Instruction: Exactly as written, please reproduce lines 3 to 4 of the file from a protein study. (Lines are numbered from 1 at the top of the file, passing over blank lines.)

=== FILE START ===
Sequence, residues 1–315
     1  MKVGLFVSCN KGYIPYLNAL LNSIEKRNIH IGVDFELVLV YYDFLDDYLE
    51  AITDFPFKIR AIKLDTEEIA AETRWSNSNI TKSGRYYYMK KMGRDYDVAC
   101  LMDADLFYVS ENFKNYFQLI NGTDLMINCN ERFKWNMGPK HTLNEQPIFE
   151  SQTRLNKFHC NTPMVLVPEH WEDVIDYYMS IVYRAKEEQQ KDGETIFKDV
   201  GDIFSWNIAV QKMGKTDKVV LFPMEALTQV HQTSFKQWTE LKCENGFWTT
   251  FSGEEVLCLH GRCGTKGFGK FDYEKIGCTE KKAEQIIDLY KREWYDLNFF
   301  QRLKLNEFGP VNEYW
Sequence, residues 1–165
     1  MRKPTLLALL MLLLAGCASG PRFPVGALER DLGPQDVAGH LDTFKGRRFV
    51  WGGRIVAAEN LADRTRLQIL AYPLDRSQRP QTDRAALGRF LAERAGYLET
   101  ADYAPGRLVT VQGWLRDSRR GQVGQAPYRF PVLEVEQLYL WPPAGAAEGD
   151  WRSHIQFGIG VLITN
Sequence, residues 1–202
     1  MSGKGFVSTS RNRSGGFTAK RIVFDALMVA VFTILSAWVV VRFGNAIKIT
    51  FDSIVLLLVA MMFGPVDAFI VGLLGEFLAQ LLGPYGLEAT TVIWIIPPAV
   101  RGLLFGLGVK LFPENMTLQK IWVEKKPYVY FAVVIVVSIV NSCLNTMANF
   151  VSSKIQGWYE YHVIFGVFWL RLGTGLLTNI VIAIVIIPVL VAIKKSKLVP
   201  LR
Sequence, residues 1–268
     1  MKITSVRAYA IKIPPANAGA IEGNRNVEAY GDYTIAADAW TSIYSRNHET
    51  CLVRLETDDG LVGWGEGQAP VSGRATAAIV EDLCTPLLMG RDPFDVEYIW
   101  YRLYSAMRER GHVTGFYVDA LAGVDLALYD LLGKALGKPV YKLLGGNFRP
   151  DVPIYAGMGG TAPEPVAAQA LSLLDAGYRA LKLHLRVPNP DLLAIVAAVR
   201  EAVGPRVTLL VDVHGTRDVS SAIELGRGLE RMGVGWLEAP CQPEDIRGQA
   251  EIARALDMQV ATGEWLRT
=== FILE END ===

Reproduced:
    51  AITDFPFKIR AIKLDTEEIA AETRWSNSNI TKSGRYYYMK KMGRDYDVAC
   101  LMDADLFYVS ENFKNYFQLI NGTDLMINCN ERFKWNMGPK HTLNEQPIFE